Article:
Tips for and eco-tourist
Tips for and eco-tourist
We all want to change the world and make it a place where we can enjoy everything that life has to offer to the full. However, it is not enough to wait for governments, institutions and environmental organisations to take measures, promote projects and make demands.
Our actions as “isolated” individuals also have an environmental impact, so it is vital that citizens and visitors alike should know and take on board the kind of behaviour to follow in order to achieve a healthier environment. This is true whatever our destination, but is especially important when we are in the rural environment, which is much more sensitive to human intervention.
As a responsible person, don’t forget the three “R”s: any time and any place you can Reduce, Re-use and Recycle.
- Drive efficiently and try to maintain a moderate speed on the roads. On mountain roads, not only should you drive calmly for your own safety, but also to avoid hitting wildlife. On tracks you should not drive at more than 40 km/h, except where otherwise indicated.
- Leave your vehicle at the entrance to small villages. You are bound to enjoy the visit more on foot and you will not block the narrow streets.
- Andalusia has the largest number of petrol stations offering biodiesel in Spain. If you use this biofuel you will be contributing to reducing greenhouse gas emissions. You can get a list by province at the website of the Ministry of Industry, Tourism and Trade (Spanish).
- Wherever possible, try to combine journeys on foot or by bike with the use of public transport, thereby reducing CO2 emissions. Every kilometre you travel on public transport uses up to 6 times less fuel than a conventional car.
- By planning your journeys you can often optimise your energy consumption. For example, planning a journey on the most suitable route (shortest, least busy, best time of day…) you can avoid major loss of time and fuel.
- Try to close taps well after use. A drip per second is equivalent to 30 litres of wasted water each day, something this Region cannot afford.
- Close taps to soap yourself and use no more than the amount of soap required; this reduces rinsing time and makes subsequent purification of the water easier.
- Close the tap while doing other things such as brushing your teeth or shaving. Using a glass for rinsing you can save up to 90% of water used for washing.
- Do not use the WC as a waste bin; nor should you flush unnecessarily. If it has a dual flush mechanism, always use the appropriate option.
- Have showers instead of baths. Water consumption for a shower is usually 5-6 times less than that of a bath.
- Do not throw rubbish into rivers or streams. If you are showering at the swimming pool, make sure you turn off the shower before getting into the water.
- Collaborate with the tourism establishment you are at, and follow its recommendations to help reduce water consumption.
- More than 65% of the waste we generate is recoverable or recyclable, so it is highly important to recycle waste.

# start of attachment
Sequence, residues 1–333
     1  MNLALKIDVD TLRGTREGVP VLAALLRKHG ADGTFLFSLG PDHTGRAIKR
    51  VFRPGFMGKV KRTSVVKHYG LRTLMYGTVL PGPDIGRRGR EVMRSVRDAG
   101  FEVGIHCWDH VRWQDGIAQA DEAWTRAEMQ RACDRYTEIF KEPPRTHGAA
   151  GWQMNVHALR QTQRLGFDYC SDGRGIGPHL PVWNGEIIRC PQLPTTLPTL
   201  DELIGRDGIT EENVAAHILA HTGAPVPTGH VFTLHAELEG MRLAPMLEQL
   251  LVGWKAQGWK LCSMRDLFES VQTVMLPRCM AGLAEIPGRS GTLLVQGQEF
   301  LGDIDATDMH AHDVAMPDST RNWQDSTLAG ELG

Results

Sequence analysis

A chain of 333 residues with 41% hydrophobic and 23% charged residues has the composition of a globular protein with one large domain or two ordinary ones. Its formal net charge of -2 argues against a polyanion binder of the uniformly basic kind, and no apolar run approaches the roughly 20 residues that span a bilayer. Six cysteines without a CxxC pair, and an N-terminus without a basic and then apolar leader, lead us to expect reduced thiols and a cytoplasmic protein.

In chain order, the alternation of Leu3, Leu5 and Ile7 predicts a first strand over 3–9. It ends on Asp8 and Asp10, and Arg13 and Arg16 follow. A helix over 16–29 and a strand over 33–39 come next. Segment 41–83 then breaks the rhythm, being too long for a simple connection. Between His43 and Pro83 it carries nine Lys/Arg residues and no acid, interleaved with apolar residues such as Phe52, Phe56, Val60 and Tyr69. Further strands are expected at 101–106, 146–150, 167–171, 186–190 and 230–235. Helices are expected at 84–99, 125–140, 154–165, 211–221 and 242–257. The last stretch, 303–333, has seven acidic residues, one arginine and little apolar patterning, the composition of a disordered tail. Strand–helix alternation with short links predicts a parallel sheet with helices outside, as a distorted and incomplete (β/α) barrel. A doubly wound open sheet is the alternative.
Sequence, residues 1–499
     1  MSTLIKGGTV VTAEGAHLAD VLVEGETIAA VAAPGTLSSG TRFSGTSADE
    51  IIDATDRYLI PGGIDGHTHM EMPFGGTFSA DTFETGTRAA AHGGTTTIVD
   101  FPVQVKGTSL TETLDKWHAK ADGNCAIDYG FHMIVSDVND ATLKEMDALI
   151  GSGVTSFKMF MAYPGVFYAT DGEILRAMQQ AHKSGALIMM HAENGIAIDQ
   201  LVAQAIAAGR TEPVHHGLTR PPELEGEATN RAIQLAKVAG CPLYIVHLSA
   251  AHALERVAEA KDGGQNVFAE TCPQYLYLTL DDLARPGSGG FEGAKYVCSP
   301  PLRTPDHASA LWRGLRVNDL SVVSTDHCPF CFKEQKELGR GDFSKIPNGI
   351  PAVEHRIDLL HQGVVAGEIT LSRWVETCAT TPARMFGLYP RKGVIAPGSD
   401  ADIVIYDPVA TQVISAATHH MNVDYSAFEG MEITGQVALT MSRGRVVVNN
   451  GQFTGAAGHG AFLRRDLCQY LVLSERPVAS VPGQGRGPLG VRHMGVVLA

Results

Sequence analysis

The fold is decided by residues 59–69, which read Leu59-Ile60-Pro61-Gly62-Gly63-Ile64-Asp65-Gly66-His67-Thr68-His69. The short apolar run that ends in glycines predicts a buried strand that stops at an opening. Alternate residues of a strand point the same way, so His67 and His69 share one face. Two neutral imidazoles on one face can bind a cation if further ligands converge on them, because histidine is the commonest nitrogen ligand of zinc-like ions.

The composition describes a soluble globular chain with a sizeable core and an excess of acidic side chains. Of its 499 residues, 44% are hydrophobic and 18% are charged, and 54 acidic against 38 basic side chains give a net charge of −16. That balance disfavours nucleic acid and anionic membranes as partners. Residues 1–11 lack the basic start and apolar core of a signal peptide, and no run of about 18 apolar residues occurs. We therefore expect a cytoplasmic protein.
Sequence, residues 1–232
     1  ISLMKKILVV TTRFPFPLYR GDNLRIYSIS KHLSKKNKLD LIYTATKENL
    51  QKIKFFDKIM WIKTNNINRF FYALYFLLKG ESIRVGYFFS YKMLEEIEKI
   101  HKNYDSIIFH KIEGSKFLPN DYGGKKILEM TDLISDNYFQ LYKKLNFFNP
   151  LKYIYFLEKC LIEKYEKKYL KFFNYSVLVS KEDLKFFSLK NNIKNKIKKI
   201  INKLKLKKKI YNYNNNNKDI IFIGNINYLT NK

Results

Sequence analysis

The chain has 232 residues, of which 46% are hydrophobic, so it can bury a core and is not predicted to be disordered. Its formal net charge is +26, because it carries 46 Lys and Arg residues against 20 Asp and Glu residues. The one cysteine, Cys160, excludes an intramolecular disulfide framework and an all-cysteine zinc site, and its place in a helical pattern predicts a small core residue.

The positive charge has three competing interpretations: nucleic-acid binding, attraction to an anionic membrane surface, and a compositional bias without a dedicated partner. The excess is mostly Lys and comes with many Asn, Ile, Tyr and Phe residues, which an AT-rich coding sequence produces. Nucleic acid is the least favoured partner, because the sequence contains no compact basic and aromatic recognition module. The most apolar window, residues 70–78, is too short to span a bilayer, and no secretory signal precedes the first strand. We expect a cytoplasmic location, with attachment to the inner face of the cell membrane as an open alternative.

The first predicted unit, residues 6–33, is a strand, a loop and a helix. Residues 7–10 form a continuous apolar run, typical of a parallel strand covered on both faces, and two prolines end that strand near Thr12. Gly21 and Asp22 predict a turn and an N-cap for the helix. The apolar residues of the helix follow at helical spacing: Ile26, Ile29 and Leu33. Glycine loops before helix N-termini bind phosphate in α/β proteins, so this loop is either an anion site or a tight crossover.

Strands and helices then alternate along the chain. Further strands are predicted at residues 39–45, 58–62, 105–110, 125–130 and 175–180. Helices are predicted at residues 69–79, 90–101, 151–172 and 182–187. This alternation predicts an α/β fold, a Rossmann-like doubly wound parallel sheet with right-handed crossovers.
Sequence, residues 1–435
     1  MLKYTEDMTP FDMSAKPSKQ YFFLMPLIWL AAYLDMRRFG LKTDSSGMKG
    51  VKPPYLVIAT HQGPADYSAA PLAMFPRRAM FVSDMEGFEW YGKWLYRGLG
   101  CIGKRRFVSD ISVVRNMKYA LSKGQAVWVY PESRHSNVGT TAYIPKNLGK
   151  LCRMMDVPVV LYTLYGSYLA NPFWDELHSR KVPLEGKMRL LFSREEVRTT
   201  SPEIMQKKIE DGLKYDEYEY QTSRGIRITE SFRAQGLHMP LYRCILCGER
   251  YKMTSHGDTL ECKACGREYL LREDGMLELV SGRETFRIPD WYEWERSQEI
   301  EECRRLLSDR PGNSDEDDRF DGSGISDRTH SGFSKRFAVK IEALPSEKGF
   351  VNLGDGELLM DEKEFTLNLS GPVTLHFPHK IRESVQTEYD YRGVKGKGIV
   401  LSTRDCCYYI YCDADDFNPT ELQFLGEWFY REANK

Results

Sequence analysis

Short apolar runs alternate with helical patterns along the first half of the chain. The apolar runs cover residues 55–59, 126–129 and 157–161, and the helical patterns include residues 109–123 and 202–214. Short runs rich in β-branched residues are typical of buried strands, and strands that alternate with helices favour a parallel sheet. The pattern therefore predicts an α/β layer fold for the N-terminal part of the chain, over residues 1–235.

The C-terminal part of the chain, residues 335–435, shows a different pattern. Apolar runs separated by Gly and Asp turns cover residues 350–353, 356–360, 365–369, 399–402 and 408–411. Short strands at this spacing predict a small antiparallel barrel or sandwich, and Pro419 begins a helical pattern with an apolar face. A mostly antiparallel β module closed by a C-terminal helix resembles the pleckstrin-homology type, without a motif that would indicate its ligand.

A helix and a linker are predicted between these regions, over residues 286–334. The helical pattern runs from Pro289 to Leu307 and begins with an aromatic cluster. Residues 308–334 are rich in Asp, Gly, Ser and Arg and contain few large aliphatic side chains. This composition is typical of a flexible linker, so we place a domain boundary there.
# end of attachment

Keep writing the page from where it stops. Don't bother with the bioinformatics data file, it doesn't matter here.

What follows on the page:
- Use the recycling containers to be found at the establishment or in the town/village where you are. Always use the waste bins in your room and in communal areas of the hotel establishment.
- Do your shopping with a bag made out of cloth or another re-usable material and reject plastic bags and unnecessary packaging offered in shops. This will help to reduce waste generated.
- Use as little tin foil, cling wrap and packaging as possible when wrapping items. Use re-useable plastic containers to store food and, where possible, buy items by weight or in large packets.
- Do not through waste that is potentially hazardous to the environment (alkaline or watch batteries, cleaning products, medicines, etc.) in the bin. Use the specific containers to be found at your hotel establishment or in the town/village where you are staying.
- Avoid using disposable products. Returnable packaging is preferable.
- Always choose glass packaging above metal, and paper wrapping above plastic where possible.
- Use rechargeable batteries.
- Use natural fabrics, they pollute less and are easier to recycle.
- When you go to the countryside, take a bag for rubbish and then place it in a container; leave no trace of your visit behind you.
- Make sure your vehicle is correctly soundproofed, in line with current legislation. When driving, avoid sudden acceleration causing unnecessary noise, especially if driving a motorcycle, moped or quad bike.
- Avoid shouting and having loud conversations in places such as restaurants, cafés and other public places.
- Do not use your car stereo at high volume, especially if your windows are open, driving through villages or the countryside.
- Try to keep the volume down on your music system and television when in your hotel establishment, as you may be hindering others’ rest and relaxation.
- If you are in the countryside, avoid any noise that could disturb the peace of animals.
- Always respect others’ right to rest.